Part 2: How Do I Prevent Pressure Ulcers?
Part 2: Early Intervention
The use of a risk assessment tool is used throughout nursing practice in patient assessment and monitoring of aspects of their care such as MUST, falls, moving and handling, and wound assessment. Additional to this, it’s important to remember clinical judgment is used to assess what may occur in the patient journey. For example, a patient going for surgery/interventions where it is known they will be ‘nil by mouth’ for an extended period post intervention, are referred to a dietitian. A patient may have a history of falls, so the decision is made to ensure they have access to an ultra-low bed.
Therefore, the use of clinical judgement with pressure ulcer risk may not be anything new. For example, a surgical patient may be mobile on admission for planned neurosurgery or cardiology surgery. However, post-operatively, they may be ventilated, immobile, contraindicated to repositioning and as a result, the risk for pressure ulcers will significantly increase. It is therefore imperative to think proactively and ensure appropriate equipment, such as a specialist surface, is ready and available for the patients return.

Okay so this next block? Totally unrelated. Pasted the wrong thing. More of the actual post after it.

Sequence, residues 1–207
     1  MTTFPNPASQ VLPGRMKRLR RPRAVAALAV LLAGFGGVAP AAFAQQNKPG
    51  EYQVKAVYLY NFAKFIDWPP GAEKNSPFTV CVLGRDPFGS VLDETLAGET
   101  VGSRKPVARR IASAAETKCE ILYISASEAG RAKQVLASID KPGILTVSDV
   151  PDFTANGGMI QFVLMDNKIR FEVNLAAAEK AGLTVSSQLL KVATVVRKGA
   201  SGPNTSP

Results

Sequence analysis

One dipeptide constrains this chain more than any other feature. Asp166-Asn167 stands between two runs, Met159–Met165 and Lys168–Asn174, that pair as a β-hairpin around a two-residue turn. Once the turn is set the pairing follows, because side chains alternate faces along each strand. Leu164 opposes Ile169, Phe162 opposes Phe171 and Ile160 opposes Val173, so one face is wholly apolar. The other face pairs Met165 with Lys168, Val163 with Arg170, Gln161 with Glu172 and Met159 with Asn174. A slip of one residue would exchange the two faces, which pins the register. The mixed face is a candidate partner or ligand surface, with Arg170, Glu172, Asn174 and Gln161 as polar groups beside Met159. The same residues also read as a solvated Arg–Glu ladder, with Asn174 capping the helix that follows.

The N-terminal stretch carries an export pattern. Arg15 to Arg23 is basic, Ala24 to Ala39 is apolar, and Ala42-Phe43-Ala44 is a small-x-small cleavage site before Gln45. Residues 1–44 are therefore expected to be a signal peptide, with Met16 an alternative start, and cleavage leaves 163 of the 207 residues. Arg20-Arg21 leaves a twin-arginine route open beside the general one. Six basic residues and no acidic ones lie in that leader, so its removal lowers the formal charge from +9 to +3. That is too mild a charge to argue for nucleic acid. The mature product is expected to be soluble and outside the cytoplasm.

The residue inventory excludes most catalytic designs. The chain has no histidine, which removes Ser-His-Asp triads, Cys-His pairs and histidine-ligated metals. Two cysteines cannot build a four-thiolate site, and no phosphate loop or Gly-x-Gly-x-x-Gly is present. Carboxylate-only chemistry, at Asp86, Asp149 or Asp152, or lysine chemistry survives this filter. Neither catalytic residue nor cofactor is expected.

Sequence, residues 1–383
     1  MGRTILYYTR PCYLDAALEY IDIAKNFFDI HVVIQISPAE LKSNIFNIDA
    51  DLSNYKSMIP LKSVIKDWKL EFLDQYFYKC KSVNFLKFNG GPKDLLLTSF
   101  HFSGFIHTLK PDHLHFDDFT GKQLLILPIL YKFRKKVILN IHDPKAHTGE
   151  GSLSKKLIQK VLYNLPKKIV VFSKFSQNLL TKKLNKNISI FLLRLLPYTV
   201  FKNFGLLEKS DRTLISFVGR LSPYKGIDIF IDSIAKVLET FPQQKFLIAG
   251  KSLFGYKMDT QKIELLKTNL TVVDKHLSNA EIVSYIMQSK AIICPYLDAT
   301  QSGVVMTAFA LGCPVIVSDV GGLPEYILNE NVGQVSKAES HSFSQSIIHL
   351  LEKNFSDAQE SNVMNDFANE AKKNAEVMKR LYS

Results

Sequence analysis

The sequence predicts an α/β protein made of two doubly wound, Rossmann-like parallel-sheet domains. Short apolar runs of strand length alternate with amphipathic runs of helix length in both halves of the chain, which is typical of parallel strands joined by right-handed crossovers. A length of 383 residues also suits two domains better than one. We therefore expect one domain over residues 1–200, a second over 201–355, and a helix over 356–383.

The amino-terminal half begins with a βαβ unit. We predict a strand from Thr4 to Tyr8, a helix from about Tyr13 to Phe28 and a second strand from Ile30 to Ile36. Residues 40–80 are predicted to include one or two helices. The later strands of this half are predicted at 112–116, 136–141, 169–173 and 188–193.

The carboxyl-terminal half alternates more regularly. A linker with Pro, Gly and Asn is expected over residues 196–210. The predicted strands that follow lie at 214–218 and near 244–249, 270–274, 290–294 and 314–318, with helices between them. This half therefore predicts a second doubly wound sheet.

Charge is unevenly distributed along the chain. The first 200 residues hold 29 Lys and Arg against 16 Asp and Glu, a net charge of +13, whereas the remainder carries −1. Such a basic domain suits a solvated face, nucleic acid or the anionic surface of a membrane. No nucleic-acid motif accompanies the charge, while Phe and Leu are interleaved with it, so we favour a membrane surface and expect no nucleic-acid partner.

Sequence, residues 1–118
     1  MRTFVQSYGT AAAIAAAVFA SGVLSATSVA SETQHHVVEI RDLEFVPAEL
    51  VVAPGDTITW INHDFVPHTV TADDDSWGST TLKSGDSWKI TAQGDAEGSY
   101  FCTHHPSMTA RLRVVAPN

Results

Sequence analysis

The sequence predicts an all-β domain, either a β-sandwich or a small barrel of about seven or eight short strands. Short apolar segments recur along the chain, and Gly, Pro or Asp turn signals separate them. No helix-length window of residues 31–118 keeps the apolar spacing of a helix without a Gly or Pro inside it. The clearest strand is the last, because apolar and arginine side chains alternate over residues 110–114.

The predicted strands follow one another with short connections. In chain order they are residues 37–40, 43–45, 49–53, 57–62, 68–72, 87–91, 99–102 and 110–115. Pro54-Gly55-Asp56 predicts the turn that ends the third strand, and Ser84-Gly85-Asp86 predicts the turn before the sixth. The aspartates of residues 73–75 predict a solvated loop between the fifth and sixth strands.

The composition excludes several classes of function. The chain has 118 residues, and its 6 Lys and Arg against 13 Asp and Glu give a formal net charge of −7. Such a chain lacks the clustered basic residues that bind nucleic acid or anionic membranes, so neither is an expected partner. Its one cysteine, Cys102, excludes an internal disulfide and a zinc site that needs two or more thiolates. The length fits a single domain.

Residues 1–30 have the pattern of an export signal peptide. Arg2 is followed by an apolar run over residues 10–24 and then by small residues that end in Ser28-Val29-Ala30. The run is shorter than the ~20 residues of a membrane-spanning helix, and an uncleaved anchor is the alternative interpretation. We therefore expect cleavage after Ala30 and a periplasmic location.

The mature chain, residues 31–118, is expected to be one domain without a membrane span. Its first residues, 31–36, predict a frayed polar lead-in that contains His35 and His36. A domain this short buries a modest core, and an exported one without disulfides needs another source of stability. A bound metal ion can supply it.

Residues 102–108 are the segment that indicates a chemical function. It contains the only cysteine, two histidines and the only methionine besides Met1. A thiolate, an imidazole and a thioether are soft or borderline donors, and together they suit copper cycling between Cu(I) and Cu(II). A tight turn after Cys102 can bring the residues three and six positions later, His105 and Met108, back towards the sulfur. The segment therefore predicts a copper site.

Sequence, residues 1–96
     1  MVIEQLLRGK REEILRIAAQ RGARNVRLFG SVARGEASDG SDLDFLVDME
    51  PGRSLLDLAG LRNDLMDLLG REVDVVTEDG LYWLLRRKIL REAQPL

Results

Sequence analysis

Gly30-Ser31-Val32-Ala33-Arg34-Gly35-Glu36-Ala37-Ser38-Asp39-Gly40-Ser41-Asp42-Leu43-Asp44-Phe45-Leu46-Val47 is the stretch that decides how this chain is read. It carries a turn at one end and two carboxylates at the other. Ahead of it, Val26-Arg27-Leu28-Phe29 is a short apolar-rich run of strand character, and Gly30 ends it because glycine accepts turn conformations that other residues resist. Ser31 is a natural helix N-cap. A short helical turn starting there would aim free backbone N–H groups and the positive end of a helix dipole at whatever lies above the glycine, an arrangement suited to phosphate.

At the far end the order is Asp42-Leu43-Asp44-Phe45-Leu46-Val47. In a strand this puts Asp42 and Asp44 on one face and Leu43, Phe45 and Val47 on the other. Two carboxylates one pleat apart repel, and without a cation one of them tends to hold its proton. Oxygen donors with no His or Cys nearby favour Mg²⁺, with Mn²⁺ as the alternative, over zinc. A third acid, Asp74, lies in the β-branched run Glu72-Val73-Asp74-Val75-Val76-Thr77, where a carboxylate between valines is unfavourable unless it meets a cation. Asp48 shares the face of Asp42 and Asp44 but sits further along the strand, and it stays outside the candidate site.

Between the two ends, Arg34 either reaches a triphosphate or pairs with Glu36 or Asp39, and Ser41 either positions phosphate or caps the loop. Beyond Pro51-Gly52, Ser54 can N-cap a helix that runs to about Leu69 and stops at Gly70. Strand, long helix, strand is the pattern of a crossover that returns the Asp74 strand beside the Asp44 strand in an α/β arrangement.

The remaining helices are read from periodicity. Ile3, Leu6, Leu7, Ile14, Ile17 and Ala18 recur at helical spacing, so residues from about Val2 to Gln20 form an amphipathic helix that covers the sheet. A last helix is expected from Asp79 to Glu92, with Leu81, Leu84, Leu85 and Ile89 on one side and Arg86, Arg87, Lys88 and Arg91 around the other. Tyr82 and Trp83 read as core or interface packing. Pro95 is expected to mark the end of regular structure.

The EPUAP1 recommends “continue to turn and reposition the individual regardless of the support surface in use. Establish turning frequency based on the characteristics of the support surface and the individual’s response”. Whilst in practice, repositioning forms basic nursing care, there may be some patients, such as post-operative or end-of-life, where this is not possible or may be limited. The decision should be made by senior clinicians and should only be limited where absolutely necessary. For patients where this decision is made, it is important to consider specialist equipment that may assist with this challenge such as Multicare, Eleganza 5 or TurnCair. The use of a highly specialist surface such as Dolphin Therapy may also be required to give the patient optimum protection is they are unable to be repositioned.
Read part 3 where we look at mobilisation as a risk factor.
Click here to read part 1 of the series which looks at risk assessment.
Click Here to learn more about pressure ulcers.